The last report was published in March 2020. Covid has had a substantial impact on the progress of our work  and although individual archaeologists came up on their own to labour, group working was only resumed when Covid restrictions were lifted. Since then, massive amounts of soil and clay have been shifted, trenches galore litter Beauchamps Wood but the knowledge gained is…..enigmatic….. at best.

   The last report concluded with the extension of excavations at the edge of the wood at the side of what we supposed to be the roadway coming into the site from the West.  A considerable area was exposed consisting we judged of fallen or demolished buildings with tiled roofs.. The extent and purpose of them was wholly undeterminable other than that they had existed. Little pottery was recovered but amazingly, lying in the subsoil, we unearthed a barbed and tanged flint arrowhead, dateable to between 1800 to 2000BC which had lain there unobserved  despite all the other activity around it. Coincidentally, within a metre or so, we also recovered a .303 bullet, a 20thC remnant developed one assumes with human rather than animal targets in mind.

     Excavations then moved into Beauchamps Wood itself immediately to the South West of where we had been digging. Two long trenches, one N.E/S.W and the other S.E/N.W were opened in an area cleared by coppicing. In both cases, there was a tough network of shallow roots and nettles to clear but below that we found what became apparent as the mostly intact surface of a large yard constructed by clearing the original top soil and then laying a surface of flint topped with gravel. The surface, whilst penetrated by the occasional tree, remained clear and represented a very substantial investment because of the massive amounts of flint and gravel which must have been collected and then brought in from elsewhere since no such deposits are readily available in the immediate  vicinity. We could also now see from our previous excavations that this area had been cut through by the late 18thC ditch enclosing what is now Beauchamps Wood so this was a timely reminder that before the 1790s, the whole site had been open and park like, and that modern boundaries wholly obscured this fact. It was now obvious that our earlier extensive excavations in previous years had revealed buildings which were not isolated in a field but were part of a much wider enterprise.

   We did not persevere with these trenches to the point of establishing the outer limits of the yard basically because it was strenuous excavation work with only the discovery of fragments of quite late pottery to enliven the effort and at this stage anyway was not going to add much more to our understanding of the site as an whole.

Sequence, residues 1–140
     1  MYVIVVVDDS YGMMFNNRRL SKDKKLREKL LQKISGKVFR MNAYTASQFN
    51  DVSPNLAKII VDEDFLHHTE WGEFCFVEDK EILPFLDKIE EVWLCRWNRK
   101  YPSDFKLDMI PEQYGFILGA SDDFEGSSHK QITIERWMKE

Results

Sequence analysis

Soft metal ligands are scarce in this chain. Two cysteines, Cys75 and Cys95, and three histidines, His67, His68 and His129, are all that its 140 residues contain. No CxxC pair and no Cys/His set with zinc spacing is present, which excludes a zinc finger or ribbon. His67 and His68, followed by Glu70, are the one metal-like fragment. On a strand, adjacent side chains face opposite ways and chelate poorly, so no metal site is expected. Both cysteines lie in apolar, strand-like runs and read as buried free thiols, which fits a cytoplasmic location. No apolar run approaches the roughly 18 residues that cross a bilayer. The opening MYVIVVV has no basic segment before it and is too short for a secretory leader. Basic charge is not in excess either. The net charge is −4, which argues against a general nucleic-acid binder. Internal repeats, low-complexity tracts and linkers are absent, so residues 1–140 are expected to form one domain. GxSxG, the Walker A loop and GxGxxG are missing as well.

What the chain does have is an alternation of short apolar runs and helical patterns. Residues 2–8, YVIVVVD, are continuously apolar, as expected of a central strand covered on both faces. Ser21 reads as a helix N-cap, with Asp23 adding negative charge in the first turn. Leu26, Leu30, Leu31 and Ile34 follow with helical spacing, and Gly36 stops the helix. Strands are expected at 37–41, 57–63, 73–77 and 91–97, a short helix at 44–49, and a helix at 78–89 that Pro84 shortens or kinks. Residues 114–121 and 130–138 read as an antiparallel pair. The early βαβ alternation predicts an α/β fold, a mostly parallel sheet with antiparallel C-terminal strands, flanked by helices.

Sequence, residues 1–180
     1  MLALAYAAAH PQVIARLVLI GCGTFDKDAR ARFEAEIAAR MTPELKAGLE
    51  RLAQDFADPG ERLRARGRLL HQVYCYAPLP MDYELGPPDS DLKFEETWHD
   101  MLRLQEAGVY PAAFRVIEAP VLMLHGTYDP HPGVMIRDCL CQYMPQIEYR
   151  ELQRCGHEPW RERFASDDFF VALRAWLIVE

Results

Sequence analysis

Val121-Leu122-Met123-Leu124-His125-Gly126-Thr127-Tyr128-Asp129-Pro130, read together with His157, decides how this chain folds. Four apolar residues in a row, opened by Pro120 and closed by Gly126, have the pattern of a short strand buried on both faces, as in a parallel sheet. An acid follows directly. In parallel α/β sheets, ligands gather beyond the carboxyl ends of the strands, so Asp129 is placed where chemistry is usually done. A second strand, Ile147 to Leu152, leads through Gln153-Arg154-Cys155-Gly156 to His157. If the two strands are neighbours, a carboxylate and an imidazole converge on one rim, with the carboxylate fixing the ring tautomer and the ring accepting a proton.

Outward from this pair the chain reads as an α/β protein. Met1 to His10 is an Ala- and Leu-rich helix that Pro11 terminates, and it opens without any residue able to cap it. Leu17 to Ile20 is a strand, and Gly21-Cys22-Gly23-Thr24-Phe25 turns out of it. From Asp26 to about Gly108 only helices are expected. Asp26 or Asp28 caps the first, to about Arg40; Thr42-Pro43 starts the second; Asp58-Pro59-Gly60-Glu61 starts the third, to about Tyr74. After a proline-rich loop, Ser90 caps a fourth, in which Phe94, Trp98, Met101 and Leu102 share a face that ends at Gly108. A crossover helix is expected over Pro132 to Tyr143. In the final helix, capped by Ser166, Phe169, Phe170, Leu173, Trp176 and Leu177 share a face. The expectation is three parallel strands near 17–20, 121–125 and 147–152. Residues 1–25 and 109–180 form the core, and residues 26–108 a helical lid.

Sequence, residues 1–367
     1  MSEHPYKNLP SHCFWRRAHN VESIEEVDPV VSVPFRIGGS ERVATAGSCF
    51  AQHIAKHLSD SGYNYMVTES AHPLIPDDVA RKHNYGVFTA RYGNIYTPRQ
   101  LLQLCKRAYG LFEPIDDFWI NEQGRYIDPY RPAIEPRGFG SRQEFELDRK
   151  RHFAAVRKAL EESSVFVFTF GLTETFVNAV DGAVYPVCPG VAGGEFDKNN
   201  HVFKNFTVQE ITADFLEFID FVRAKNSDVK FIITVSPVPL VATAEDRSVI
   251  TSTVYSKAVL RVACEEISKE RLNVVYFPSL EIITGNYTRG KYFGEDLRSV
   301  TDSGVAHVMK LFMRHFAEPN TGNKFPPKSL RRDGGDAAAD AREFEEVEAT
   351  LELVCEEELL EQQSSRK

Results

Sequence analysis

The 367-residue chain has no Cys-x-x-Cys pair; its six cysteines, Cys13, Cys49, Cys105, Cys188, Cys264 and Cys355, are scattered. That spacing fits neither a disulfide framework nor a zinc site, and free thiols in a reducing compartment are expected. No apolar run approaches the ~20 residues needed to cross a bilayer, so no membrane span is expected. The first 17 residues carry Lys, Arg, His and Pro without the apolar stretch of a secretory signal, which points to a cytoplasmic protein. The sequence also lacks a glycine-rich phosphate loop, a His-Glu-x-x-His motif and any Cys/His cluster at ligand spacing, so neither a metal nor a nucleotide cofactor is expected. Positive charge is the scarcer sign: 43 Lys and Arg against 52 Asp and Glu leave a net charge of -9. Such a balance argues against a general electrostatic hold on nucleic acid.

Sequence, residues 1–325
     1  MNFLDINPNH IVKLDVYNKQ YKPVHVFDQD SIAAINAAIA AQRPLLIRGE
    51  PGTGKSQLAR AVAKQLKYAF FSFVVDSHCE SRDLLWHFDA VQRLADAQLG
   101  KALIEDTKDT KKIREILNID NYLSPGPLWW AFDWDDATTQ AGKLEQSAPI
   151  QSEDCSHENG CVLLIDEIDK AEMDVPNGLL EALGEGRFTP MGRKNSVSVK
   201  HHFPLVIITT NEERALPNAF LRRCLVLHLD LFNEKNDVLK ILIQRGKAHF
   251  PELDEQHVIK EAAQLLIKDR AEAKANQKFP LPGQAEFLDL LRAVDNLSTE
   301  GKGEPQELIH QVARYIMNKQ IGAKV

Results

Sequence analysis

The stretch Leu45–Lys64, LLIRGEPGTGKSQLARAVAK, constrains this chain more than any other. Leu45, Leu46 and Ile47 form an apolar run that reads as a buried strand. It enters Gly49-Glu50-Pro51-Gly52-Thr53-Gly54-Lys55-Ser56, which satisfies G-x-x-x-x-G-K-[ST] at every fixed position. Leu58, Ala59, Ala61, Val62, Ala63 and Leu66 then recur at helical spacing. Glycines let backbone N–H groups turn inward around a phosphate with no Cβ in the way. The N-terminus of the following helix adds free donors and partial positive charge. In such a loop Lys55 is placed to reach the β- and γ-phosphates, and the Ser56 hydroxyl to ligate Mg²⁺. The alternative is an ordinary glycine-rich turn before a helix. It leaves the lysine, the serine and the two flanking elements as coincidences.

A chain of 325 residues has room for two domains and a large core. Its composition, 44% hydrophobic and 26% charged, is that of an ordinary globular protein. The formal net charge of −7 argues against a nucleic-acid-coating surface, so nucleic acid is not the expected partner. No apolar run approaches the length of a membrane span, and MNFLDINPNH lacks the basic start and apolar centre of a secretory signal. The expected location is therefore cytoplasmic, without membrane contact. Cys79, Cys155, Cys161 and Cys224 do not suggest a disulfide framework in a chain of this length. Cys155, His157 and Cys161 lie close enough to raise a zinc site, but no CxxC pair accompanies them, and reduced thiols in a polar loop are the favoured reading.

Within Beauchamps Wood, in the southern half, there is what has the appearance of a roadway flanked by a bank to the North East. Running approximately North West/ South East, this quite wide road or track way appears to be directly in line with the straight bit  of Beauchamps Lane  going past White House Farm before it kinks to the West, and it then proceeds in the wood apparently on a line leading directly down to the old junction at the bottom of the lane where the lane makes a right angle turn to the West and the church. This point was in Anglo-Saxon and medieval times a significant road junction. Here, Beauchamps Lane met the Anglo-Saxon road from Lyminge to Minster which then proceeded Eastwards across what is now the front of the 19thC St Albans Court building and through Chillenden and beyond; from here the road to Canterbury via Adisham ran to the  North West, and also from here Northwards there was a road in the direction of the Roman site near Goodneston. All but the last are shown on Mudge’s first Ordnance Survey  map of 1801. The existence of this Anglo-Saxon and medieval junction might be one of the explanations for the dominant positioning of the 14thC buildings we excavated on the slope above it.

   I then had an hypothesis  that one could identify still on a modern map the roadway running from the Roman road  North of Elvington through Butchery Lane , Easole Street and onwards through Beauchamps Wood and up the hill beyond the corner of Beauchamps Lane. Pretty much a straight line – I thought  was this not the line of a Roman road? All we had to do was dig it.

    So a series of trenches were then dug across the supposed roadway starting at the North West end where it appeared to cross between two mounds, one of which we suspected was the upcast of the ditch probably dug in 1348  marking the boundary of the land acquired by the Abbey of St Albans in 1346 and utilized by Sir John de Beauchamp  as he developed the site in 1348.  Indeed we found that there was a roadway constructed similarly to the yard we had excavated and with no evidence  of any ditch below. This suggested that the roadway was not only contemporary with the yard  but also, supporting my theory, could be much older. The topsoil above the roadway contained amounts of 17thC and 18thC  pottery and the surface of the roadway included large fragments of brick which were so misshapen that they may well have been rubbish discards from the brick making in Ruins Field described in earlier accounts ( which are all available on Clive Webb’s Nonington Village history site together with much more historical background.).

  Further trenches proceeding South Eastwards along the open way were dug but these provided a series of puzzles. There was evidence of a metalled surface but something closer to a narrow track than a roadway and the levels of the surfaces we found varied inexplicably from a few inches to as much as over a foot below the present surface which made little sense. The scatters of 17th and 18thC pottery in the top soil also suggested rather more people were around than was implied by the written records Clive Webb  had published of occupation up there.